On March 18 a FlyDubai Boeing 737 flying from Dubai to Rostov-on-Don crashed shortly after attempting to land, killing all 62 passengers and crew aboard. As we knew from the first day, the weather in Rostov-on-Don was horrible, with limited visibility and gusty winds. However, bad weather in and of itself doesn’t take down planes.
The pilots knew about the bad weather before departure, and loaded plenty of extra fuel in anticipation of some possible missed approaches. Around the same time time as the FlyDubai plane attempted to land, several other planes also had go arounds, and some ended up diverting to other airports.
In the case of FlyDubai, the plane attempted to land once, but had an aborted landing due to the conditions. Then they circled for about 90 minutes hoping for the conditions to improve. Then they came in for a second approach hoping for improved conditions, and they ended up aborting that landing as well. That’s when things got bad, as the plane crashed just moments after the go around.
Below is the footage of the plane going down at what appears to be a nose down angle. It’s horrifying to watch.
As usual, aircraft accident investigations can take years to complete, and intermediate reports are released every so often. Last week the most recent accident report was released, and it rules out a mechanical failure or violent weather as being the cause of the accident.
Popular Mechanics has a great explanation of what happened to the downed FlyDubai plane, according to the most recent accident report. Basically the crash was due to the pilots being disoriented, a phenomenon known as “somatogravic illusion.” Here’s the explanation:
During a go-around after an aborted landing, a plane tends to be lighter than normal since it’s at the end of its flight and has burned up most of its fuel. That means its thrust-to-weight ratio is relatively high, so when the pilot pushes the throttle forward from idle to full thrust the plane accelerates with unusual alacrity. This acceleration pushes pilots back in their seats, which to the inner ear feels exactly the same as tilting upward.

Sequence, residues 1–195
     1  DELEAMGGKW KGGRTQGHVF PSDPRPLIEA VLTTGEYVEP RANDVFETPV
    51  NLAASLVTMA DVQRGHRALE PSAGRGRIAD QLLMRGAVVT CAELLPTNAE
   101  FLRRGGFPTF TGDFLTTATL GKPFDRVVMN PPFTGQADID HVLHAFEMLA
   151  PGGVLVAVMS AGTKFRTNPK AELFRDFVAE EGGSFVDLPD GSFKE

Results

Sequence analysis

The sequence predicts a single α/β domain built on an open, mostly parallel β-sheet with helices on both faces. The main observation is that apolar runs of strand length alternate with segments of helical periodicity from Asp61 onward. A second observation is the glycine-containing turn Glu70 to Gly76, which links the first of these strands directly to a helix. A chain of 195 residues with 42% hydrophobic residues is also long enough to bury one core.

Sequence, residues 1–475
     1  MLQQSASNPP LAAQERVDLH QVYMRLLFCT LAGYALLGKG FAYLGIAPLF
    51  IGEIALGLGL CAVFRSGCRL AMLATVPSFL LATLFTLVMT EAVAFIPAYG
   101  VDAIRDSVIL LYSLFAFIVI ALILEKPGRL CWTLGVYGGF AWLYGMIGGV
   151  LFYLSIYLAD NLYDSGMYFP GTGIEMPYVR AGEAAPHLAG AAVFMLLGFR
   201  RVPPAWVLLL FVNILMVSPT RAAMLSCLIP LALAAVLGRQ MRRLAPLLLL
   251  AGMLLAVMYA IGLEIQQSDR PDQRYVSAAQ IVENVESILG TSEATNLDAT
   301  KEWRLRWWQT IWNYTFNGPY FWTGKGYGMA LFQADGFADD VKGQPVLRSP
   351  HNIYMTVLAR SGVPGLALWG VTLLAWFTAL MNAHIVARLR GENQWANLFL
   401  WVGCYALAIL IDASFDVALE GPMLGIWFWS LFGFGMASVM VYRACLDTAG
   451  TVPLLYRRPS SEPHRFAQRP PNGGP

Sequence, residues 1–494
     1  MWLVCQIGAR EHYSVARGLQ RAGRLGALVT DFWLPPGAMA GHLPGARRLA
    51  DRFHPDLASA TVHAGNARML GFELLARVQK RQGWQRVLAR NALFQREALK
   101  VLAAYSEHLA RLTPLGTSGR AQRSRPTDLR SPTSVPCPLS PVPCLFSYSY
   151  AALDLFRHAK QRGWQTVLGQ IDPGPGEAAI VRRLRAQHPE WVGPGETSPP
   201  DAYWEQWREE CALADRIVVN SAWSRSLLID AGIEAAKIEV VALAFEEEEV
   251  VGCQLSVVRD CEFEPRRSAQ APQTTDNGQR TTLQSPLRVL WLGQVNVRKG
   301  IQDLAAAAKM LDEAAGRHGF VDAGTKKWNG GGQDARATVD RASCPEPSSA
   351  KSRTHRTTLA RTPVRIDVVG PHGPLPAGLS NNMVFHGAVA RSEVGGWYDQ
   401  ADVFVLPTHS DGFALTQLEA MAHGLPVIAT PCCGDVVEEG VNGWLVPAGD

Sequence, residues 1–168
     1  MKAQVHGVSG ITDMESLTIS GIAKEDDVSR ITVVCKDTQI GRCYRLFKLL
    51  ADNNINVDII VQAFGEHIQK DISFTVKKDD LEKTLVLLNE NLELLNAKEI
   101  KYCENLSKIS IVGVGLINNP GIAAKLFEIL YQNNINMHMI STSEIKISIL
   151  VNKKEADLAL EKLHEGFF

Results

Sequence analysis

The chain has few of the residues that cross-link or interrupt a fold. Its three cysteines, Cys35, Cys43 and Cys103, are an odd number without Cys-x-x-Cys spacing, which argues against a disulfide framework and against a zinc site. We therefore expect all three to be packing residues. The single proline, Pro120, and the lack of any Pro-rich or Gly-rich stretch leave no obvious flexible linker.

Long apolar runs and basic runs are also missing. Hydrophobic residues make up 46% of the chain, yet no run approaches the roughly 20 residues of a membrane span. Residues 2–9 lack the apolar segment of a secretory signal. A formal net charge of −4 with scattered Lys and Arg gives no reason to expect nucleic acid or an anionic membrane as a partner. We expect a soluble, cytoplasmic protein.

Black-box data show that as the plane started to enter the cloud after the second go-around, the flight crew briefly pushed the controls forward so that its rate of climb decreased, as if the pilots were momentarily disoriented. Then the plane returned to its previous rate of climb. For a few seconds, all was normal. The flight crew members were almost certainly following their instruments, as years of experience had taught them to do. Then, as if suddenly disoriented and unable to believe their instruments were correct, the flight crew pushed the stick far forward.
The pilots probably believed they were preventing the plane from getting too nose-high, which could cause the plane to stall and crash. But in reality they were taking a safe situation and turning it deadly. The lurch downward would have caused them to rise up in their seats as though on a roller-coaster zooming over the top of a hill. By the time they rocketed out of the bottom of the cloud and gained a visual sense of their orientation, they were in a 50 degrees vertical dive at more than 370 mph and just a few seconds from impact. There was no time to pull out.
In conjunction with the other factors involved, including horrible weather and fatigued pilots, that explanation certainly makes sense.
I’ll be curious to see the final accident report…